Christian Faith and Social Justice: Five Views
Publication Year: 2014
James McCarty: You make this statement in the introduction: “Christians agree that being advocates for justice is critical to the Christian witness, but once we have agreed about the importance of justice, it quickly becomes apparent that Christians vary widely in their beliefs about what this commitment entails.” Why do you think this is and why is it important to explore it in this format?
Vic McCracken: Christianity itself is a living tradition, so some of our disagreements stem from the Christian story itself. Christian pacifism and the just war tradition, for example, arise from the mutual effort of Christians to describe the moral import of the Christian story. Furthermore, diverse perspectives from outside the Christian tradition–Marxism and political liberalism, for example–influence how Christians today conceive of social justice. Our disagreements reflect broader disagreements about how to reconcile competing moral values that all of us deem important but that sometimes pull us in different directions. Finally, the questions that we ask about justice and the answers offer also reflect our social, cultural, ethnic, and gender diversity. There is no “view from nowhere” that allows any of us to speak for the Christian tradition in toto.
As for the importance of this project, my feeling is that in spite of our disagreements about the meaning of social justice, we all agree that a more just society is worth striving for. As long as we agree about the importance of justice, seeking common ground on what social justice is remains critical. Debates about justice are not mere academic games; these debates play themselves out in the concreteness of debates about healthcare reform, tax policy, racial profiling, gender equality, same sex marriage, and other issues that affect our common life. If you care about any of these topics, then you care about social justice. And if you don’t care about any of these topics, well you should.
This book is structured as an extended conversation between five scholars with differing normative commitments (Libertarian, Liberal, Liberationist, Feminist, and Virtue Ethics), and your voice is limited to the introduction. Why did you choose to arrange the book in this way rather than as a traditional single-authored monograph?
It certainly would have been possible to write a monograph that introduced readers to five approaches, but I was drawn to this dialogical format for two reasons. First, I am well aware that there are gifted scholars in the field of Christian ethics who are in much better positions than me to offer introductions to some of the theories that this volume explores. I love collaboration, and I value the opportunity this book offered me to learn some things from peers whom I respect. My introduction offers a sort of frame for the conversation among the scholars. In the end, I want their voices to stand out to readers.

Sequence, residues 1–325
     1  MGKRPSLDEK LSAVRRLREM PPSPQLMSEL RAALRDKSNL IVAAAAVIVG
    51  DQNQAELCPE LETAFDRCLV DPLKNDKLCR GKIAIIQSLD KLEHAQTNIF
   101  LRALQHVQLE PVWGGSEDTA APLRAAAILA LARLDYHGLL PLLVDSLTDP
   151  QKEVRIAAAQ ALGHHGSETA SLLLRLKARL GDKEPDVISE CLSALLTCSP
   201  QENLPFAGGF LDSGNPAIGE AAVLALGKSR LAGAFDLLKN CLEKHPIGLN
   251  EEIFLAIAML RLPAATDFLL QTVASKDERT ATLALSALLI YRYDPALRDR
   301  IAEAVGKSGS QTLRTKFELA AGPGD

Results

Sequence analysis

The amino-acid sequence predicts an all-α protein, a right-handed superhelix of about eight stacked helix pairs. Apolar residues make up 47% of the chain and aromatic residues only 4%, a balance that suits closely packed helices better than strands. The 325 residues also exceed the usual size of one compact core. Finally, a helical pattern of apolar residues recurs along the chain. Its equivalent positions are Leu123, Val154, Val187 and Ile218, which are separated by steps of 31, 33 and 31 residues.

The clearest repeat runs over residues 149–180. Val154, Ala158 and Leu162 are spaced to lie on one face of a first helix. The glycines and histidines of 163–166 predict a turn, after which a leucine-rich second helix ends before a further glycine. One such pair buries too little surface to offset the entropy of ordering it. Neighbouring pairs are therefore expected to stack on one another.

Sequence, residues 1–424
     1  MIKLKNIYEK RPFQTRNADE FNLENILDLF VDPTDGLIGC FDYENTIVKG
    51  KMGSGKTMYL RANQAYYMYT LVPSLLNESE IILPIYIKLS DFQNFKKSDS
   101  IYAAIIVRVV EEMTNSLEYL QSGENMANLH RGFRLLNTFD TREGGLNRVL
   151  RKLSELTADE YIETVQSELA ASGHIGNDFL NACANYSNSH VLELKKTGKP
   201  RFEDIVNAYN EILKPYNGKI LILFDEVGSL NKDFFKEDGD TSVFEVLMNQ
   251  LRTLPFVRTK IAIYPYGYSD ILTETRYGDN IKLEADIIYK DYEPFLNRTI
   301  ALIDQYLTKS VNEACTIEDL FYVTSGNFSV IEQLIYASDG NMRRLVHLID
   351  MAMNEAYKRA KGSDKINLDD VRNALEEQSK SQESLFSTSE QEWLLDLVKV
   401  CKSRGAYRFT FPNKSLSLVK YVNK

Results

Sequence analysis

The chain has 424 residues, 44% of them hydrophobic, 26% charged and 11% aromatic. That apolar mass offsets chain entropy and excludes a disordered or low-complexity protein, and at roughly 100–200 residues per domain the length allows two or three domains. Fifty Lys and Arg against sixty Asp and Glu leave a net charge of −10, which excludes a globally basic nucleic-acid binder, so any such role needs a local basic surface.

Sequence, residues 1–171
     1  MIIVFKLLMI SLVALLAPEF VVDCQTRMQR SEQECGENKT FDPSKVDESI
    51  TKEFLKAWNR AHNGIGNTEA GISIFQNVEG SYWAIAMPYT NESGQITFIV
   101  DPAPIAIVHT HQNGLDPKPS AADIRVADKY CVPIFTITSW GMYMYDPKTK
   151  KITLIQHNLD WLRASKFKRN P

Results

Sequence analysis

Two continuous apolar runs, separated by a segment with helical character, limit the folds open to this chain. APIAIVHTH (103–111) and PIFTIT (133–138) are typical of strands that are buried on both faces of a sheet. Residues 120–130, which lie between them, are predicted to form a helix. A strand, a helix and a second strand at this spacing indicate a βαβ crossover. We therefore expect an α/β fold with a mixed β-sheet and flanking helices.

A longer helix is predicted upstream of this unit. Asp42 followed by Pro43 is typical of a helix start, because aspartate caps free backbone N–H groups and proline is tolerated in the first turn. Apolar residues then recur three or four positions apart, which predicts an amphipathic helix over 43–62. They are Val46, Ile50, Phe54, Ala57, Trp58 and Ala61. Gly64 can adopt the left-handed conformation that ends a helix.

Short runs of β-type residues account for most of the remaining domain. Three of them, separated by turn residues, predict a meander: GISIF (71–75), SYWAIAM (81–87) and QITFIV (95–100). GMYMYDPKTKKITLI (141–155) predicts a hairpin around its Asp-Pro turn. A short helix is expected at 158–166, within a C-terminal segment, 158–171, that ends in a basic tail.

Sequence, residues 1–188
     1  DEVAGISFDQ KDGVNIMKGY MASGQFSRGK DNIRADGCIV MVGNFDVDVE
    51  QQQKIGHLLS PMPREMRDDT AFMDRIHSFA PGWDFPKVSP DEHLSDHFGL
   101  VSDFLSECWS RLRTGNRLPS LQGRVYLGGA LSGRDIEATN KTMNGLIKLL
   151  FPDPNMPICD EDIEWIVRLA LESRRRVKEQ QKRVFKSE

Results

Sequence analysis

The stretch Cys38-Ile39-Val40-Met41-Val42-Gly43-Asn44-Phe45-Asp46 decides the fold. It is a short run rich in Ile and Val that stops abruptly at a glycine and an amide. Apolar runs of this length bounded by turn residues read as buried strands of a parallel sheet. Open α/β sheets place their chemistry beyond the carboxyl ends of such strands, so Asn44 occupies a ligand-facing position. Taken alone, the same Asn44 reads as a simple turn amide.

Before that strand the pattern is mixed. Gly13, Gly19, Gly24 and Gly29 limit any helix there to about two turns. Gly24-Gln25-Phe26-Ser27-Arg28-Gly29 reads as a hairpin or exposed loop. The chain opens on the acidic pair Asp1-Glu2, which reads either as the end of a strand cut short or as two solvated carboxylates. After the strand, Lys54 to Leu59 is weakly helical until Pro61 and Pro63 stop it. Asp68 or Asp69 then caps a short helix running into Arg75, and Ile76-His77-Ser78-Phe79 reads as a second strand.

Second, I wanted a book that I would be proud to have my undergraduate students read. In my ethics courses I want my students exposed to a higher level of intellectual exchange than what they get from cable news outlets, where talking heads offer up sound-bite diatribes targeted toward an audience that already agrees with them. The contributors to this book pull no punches in their disagreements, but they all remain committed to modeling substantive exchange. I am pleased in the ways that the book is helping my students to grapple with their own convictions about social justice.
What inspired you to pursue this project?
When I was pursuing my MDiv a number of years ago I was introduced to a series of books exploring a variety of topics in Christian theology using a dialogical format. As a student I found many of these volumes quite helpful. When I began work on my first book-length project, I started thinking about how this format might be used to introduce students to conversations in the field of Christian ethics. Because so many of our current public policy debates emerge out of rival conceptions of justice, making this the focus of the book seemed appropriate. Undoubtedly, this is a format that could work quite well in exploring other topics in the field.
Why should the general public be interested in this book?
So many of our current social and political debates today are at their heart debates about the meaning of a just society. I like to think that this book will be appealing to anyone who is interested in these debates.
How do you envision this book being helpful in a classroom setting?
I’ve used this book over the last two semesters for one of my university’s general education courses that explores human identity and community. I use this book to frame for students different visions of just communities. After reading each author’s foundational essay, students consider the practical import of the author’s approach. If this author is correct, then what does this entail for Christian advocacy and practice? I want students to consider what they find persuasive about each other’s position, or, conversely, what they find problematic. The responses that the contributors write to one another further illuminate areas of similarity and difference. I’ve found the book to be helpful in broadening my students’ understanding of Christian community, and it is a pleasure to watch my students find their own voices as they dialogue with the authors.